• Smaller retailers will charge a fee of about 2% (surcharge) for purchases paid using payment cards. Some of these retailers may also share their POS terminal. They will run the card transaction thru' the neighboring retailer's terminal!
  • Benefits of India's cash economy (by some estimates, about 50% of India's economy) handily overcomes cash-handling costs borne by the merchant
  • As multiple acceptance devices are the norm at retailers, deploying new payment products is not as much of a challenge as you do not have to displace incumbents.
  • Over 70% of sales are cash-based (based on my informal spot surveys; will update this blog when I am better figures and support links)
Quite a few of the high-end retailers accept chip-n-PIN (EMV) cards, though very few card issuers in India have deployed chip-n-PIN cards. This is primarily to cater to tourists and visiting Indian diaspora (high-end high-margin clientele). Indian card issuers seem to have bought time till 2011, by which time they are expected to have rolled out EMV cards. I am keeping my fingers crossed regarding this target date.

It was a pleasant surprise to see PayPass readers at retailers. However, the excitement was tempered after finding out that the deployments were part of a trial. I hope that commercial deployments follow (both by card issuers and acquirers).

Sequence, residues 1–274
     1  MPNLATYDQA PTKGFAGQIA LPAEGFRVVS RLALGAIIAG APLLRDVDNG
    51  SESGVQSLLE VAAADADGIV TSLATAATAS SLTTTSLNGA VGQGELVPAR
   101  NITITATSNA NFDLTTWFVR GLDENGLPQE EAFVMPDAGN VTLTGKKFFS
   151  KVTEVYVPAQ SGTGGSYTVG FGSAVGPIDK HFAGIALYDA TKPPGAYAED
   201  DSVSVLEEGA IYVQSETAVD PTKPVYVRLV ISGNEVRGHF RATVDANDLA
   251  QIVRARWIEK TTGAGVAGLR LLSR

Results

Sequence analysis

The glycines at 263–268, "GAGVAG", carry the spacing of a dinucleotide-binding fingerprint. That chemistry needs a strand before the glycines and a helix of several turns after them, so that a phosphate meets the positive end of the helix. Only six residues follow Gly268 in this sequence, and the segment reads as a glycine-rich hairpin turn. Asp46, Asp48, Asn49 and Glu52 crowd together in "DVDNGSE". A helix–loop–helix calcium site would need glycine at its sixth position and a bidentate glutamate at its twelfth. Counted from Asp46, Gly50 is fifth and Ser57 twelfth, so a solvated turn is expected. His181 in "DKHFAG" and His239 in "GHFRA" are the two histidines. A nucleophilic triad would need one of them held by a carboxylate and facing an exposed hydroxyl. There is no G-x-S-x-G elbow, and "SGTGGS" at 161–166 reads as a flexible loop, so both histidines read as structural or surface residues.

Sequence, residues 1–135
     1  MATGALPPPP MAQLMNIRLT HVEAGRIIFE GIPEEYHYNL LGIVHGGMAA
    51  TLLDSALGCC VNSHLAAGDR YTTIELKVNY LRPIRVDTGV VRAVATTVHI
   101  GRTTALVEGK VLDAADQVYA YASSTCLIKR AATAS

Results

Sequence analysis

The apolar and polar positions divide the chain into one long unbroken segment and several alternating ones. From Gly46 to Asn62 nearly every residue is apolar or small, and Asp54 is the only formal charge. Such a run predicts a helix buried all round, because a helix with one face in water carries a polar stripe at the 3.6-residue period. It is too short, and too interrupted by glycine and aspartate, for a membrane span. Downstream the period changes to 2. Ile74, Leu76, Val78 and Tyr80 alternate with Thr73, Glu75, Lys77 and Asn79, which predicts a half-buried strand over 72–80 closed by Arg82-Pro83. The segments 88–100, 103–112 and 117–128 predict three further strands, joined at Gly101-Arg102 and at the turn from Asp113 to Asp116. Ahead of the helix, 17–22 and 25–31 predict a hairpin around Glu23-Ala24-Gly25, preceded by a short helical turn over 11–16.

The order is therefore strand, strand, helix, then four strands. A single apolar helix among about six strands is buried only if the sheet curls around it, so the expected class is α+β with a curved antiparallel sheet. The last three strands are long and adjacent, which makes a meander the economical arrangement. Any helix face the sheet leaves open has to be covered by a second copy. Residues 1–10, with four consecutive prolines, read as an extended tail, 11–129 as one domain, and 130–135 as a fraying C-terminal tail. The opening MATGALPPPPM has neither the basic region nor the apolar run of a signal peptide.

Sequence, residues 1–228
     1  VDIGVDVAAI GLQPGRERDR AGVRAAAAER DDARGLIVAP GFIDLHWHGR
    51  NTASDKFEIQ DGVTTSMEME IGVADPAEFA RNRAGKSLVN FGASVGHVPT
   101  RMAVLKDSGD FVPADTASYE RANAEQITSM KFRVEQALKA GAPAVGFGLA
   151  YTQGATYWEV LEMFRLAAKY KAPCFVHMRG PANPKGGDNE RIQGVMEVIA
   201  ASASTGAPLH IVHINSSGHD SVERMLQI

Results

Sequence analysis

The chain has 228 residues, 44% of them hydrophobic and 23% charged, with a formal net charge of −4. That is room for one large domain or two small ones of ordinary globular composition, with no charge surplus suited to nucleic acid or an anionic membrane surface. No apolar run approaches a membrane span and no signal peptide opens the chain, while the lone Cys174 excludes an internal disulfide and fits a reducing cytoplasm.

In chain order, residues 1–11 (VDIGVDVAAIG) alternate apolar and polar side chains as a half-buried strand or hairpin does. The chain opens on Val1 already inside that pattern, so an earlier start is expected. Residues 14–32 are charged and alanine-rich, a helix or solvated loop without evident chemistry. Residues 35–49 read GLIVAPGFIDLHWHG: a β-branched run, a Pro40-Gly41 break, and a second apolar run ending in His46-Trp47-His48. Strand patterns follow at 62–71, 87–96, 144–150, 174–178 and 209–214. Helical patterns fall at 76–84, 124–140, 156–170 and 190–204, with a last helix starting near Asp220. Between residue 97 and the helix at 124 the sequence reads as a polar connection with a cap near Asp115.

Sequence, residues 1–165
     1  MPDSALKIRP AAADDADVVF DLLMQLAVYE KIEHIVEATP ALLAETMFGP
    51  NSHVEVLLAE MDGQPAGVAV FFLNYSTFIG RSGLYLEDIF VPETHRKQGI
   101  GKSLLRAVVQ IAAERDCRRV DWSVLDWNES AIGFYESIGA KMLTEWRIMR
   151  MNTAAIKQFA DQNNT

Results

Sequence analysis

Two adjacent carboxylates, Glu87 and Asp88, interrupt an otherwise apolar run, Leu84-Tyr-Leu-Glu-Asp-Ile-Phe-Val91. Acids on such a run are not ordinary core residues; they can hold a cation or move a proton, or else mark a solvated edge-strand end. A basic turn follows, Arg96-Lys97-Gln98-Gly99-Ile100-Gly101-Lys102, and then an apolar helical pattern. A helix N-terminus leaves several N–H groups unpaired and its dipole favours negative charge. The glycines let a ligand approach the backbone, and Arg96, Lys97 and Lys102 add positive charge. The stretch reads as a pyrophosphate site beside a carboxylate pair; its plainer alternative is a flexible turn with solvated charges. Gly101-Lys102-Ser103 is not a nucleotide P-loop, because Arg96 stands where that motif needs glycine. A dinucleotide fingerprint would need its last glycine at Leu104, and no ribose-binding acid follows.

[Updated Aug 20 '09] First Data is continuing to push into India, first with their relationship with Kotak Mahindra (link), and next with their association with Yes Bank (link). First Data also offers a payment gateway (Merchant Solutons), in association with Standard Chartered Bank.

While I started off the post talking about Bangalore, I would like it to end talking about Delhi. As you might be aware, Delhi is having a coming-out party of sorts next year. It is hosting the Commonwealth Games 2010. Watch out for unveiling of new payment products next year around this event.

If you are interested in following trends in the Indian Payments industry, this is the conference for you (Digital Payment Conference, Mumbai, Aug 21 2009)

Thursday, August 13, 2009

Apple of the smart card industry

In the early part of the decade, different categories of mobile devices emerged. These include, internet device, gaming device, music player, phone, camera, digital reader... There was a lot of debate then about the right direction to proceed. Can a single multi-purpose device adequately meet the diverse and specialized requirements of a category or a specialized device that does one thing well the way to go? Would a consumer prefer to carry a single device or multiple devices that does each thing well?